Quality and Accuracy of Recording Process – Rule 17a-4(f)(2)(ii)(B)
In addition to the setting standards for records themselves, SEC Rule 17a-4 also requires that broker-dealers “verify automatically the quality and accuracy of the records process.” This means that you must preserve data integrity and quality for examination by auditors. The right records management solution would have the tools necessary to keep logs of these processes and catch input or output errors. To preserve business continuity—in case of disaster recovery or otherwise—some solutions even automate the process of data replication and creating backups. Most importantly, the best solutions detect file corruption, degradation of records and file tampering, which gives you peace of mind that you’re presenting auditors with up-to-date, valid and accessible information.
Serialized Original and Duplicates – Rule 17a-4(f)(2)(ii)(C)
SEC 17a-4 further requests that broker-dealers serialize their electronic recordkeeping system and time-date this media for its required retention period. This makes it easy for auditors to identify records and establish a timeline for each record as it goes through its lifecycle.
To assist broker-dealers in fulfilling this request, the right records management solution can make records easy to identify and place chronologically. Many of them assign unique numeric entry IDs to each record, and then store the record’s entry date and last modified date in the system. Some records management solutions even allow you to locate records by their assigned entry ID, their creation date, or any retention policies that may pertain to them. This search-ability makes it easy to generate reports that auditors can review.
Downloading Indexes and Records – Rule 17a-4(f)(2)(ii)(D)
To comply with SEC 17a-4, a firm’s electronic recordkeeping system must “have the capacity to readily download and transfer copies of a record and its audit trail (if applicable) in a human readable format and in a reasonable usable electronic format, as required by the staffs of the Commission and other relevant securities regulators” under Rule 17a-4(f). This means that the records management solution you choose needs to make its records downloadable in an accessible format.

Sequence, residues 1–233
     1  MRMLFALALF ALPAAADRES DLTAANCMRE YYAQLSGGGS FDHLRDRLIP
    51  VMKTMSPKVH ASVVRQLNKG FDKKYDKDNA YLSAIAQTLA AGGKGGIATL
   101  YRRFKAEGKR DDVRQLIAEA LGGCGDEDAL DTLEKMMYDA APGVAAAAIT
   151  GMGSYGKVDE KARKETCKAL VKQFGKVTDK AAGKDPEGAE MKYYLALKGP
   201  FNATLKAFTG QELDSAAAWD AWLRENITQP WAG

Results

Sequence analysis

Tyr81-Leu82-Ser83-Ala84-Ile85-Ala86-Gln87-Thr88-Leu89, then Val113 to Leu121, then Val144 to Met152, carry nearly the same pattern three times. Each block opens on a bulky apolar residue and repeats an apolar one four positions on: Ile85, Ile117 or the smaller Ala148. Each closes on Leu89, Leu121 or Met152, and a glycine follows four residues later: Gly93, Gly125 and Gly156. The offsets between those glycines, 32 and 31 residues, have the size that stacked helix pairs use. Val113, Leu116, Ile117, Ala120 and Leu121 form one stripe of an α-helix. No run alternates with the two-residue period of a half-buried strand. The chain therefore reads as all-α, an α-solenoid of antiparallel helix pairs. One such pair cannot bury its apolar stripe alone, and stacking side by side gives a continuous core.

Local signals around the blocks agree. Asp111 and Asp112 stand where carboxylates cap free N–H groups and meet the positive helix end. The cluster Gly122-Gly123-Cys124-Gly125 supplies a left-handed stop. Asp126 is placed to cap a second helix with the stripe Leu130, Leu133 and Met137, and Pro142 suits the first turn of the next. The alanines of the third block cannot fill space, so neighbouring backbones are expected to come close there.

A robust records management solution will allow you to download files in a variety of formats, from TIFF to PDF, or in its original, unedited format. Those that are a step above may even permit the download of multiple records in an archive file format such as a ZIP file. These download format options give auditors flexibility in how they view records, which minimizes the risk of having format readability issues that could delay the audit process.
Easily Readable – Rule 17a-4(f)(3)(i)
Further emphasizing the need for auditors to be able to read from your records, 17a-4 states that firms “at all times have available, for examination by the staffs of the Commission and self-regulatory organizations of which it is a member, for immediate production of records preserved by means of the electronic recordkeeping system and for producing copies of those records.” Similar to how 17a-4 (f)(3)(i) establishes format readability, this part of the rule focuses on the need for firms to give auditors the proper mediums to review records.
An accessible records management solution will give auditors choices on how to view your records, whether it’s from a desktop, web-based or mobile application. Others will go a step further and include built-in document viewers and the ability for authorized users to export documents, giving auditors even more options.
Facsimile Enlargement – Rule 17a-4(f)(3)(ii)
This section declares that a broker-dealer must “be ready at all times to immediately address the production of records” that may be requested by the governing authorities. This statement takes the issue of readability in a direct way—it demands that broker dealers not only make files accessible, but also ensure that auditors can physically read the files with ease.